Poona is a city seventy-five miles south-east of Bombay (now Mumbai, its Marathi name). During the time of the British Raj, it was a favorite summer retreat for the upper classes, giving them the opportunity to flee the heat and crush of the big city, which is one of the largest and most densely populated cities in the world. Mumbai is a great commercial and financial center, and as such was attractive to Baghdadi Jews, who migrated to India in search of greater opportunities. These Jews were Arabic-speaking, and culturally quite different from the dark-skinned "Benei Israel" who also lived there and spoke Marathi. Early in the nineteenth century the British decided that they would bend education in India in the direction of western traditions, rather than fostering the local Hindu culture, and Indians of the upper classes rapidly absorbed the English language and modes of thought.
In 1870 a Hebrew printing press was established in Poona which produced many works in Hebrew with Judeo-Arabic translations for the benefit of the Baghdadi community, and Text 118, The Song of Songs, is a typical example. It was published in 1888, with a translation by Abraham D. Ezekiel. In all probability the translator had access to English Bible translations, perhaps in the Authorised (King James') version, perhaps in the translation of the Bible according to the Jewish tradition by Isaac Leeser of Philadelphia. Both these versions are still in print after so many years. [Note, 2008:11:03. This is no longer true. The Leeser Bible was published by the Hebrew Publishing Company of New York state, and the company is no longer in business.]
Now the Hebrew Bible has been translated into various vernacular languages since earliest times. The Septuagint (known as "LXX") is a pre-Christian Greek Translation which remains the standard Bible of the Orthodox Church, just as the Latin version the Vulgate became the text used by the Catholic Church. There were several Jewish translations into Aramaic known as Targumim, which are notable for being periphrastic, often introducing additional homiletic material which explains, and sometimes explains away, the original text.
The Song of Songs has been particularly prone to allegorical exposition, since its position in the Hebrew Bible among inspired Scripture would be strange if it is merely a secular, passionate love poem. Among the Jews it was explained as a complex, beautiful parable of God's love for his people Israel, and the promise of their ultimate redemption, and among Christians it has been considered to paint the love of Christ for his Church, and his ultimate second coming. An extreme example of this allegorical interpretation may be seen in a recent edition (1977, reprinted several times, most recently in 2002) in the Orthodox Jewish Artscroll series, translated by Nosson Scherman, which declares that "the only 'literal' translation of Shir HaShirim [the Song of Songs] is allegorical." This book has substantial liturgical use among Jews, being universally read publicly on the feast of Passover (which occurs in the springtime so eloquently described in the Song) and by many pious individuals on each and every Sabbath Eve.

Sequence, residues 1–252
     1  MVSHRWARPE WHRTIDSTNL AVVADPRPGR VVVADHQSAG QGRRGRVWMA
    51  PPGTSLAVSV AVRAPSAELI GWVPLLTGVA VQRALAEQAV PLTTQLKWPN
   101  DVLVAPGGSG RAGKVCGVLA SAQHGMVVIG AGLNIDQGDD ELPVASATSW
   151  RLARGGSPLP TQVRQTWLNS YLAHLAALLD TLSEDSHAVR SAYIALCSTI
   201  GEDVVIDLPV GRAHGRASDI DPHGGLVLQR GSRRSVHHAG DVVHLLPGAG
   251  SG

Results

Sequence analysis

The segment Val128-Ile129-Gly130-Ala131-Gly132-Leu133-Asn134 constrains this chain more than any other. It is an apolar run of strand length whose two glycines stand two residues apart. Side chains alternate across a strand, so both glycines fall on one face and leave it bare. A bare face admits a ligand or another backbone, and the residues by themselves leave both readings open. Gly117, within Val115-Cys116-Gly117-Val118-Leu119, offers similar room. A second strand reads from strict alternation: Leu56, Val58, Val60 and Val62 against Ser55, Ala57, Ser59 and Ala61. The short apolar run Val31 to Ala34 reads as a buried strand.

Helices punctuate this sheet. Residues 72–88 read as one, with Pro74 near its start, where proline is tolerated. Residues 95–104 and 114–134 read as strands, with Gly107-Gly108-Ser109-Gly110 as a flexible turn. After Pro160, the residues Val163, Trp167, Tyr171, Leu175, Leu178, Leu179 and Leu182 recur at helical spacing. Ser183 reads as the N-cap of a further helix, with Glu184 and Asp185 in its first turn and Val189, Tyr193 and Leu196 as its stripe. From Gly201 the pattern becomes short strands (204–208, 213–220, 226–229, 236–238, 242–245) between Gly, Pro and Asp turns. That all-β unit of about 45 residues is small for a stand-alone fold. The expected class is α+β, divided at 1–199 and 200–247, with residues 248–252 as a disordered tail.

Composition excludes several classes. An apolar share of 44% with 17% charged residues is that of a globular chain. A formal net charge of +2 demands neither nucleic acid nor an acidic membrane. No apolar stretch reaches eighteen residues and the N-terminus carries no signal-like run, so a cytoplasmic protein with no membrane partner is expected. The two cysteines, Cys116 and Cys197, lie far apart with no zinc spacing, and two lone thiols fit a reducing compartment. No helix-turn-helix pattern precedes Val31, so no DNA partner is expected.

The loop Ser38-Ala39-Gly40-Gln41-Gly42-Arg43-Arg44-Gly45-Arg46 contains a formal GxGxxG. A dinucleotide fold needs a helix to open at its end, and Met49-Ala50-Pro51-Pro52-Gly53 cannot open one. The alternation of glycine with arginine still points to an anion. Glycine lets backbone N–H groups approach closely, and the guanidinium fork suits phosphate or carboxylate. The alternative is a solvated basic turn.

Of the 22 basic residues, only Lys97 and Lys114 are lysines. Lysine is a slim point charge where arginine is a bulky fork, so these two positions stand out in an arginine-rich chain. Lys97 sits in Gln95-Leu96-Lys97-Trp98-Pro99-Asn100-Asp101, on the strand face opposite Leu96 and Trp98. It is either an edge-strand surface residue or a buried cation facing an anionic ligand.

The Arabic translation by Ezekiel before us knows nothing of allegory. It is a quite accurate, literal translation of the original Hebrew into a rather fine Arabic, quite close to the classical language. We may note, for example, the preservation of the final -u vowel in the first person past tense of verbs; the use of the wâw does not imply that the vowel is long, as it would in standard Arabic orthography, it is put in merely to prompt the reader to enunciate a final vowel. Outlandish renderings are not to be found. The text alternates lines of the Hebrew original and the Arabic translation; only the Arabic text is reproduced here, since the original is readily available in both Hebrew and English, and the precise order of the verses is found in the Arabic. Accordingly the page and line number to the left of the text represents alternate lines, and the first, title page is unnumbered and designated 0.
I have seen little necessity to annotate heavily the Arabic text; this is not the place to attempt an exposition of such a difficult little book, about which the literature is vast. The text is an interesting example of the heritage of a cultured, often very wealthy, branch of the Jewish people which constituted the Arabic-speaking Jews of India.
The first synagogue was founded in Bombay, as it then was, in 1796. From 1841, prayer books for the Benei Israel community there were published, sometimes including translations into Marathi. An interesting illustration of The Elementary Hebrew Reader by B.S. Ezekiel, with explanations in English and Marathi, is to be seen in Encyclopædia Judaica volume 4, column 498. Eventually over a hundred books in Judeo-Arabic were published in the city by no less than four Jewish publishing houses. Jews flocked here from Cochin in south India, Yemen, Afghanistan, Bukhara in central Asia, and Iran. Text 119 is a Judeo-Arabic version of the biblical Book of Lamentations by Elijah Salih Cohen, which appeared one year after the Poona book referenced above. Similarly, it is quite a literal translation of this book which has liturgical usage on the fast of the Ninth of Ab, which commemorates the destruction of the ancient Jewish temples. On that sad day of the Jewish calendar, it is forbidden to read most Jewish sacred literature, because its study gives happiness and satisfaction to the devotee. Only such books as Lamentations, Jeremiah and Job, which tend to depress the spirit, may be studied, hence the need for this volume. Annotations added to the text reproduced on this website are mostly of a grammatical nature, since an English version of the text is readily available in English Bibles.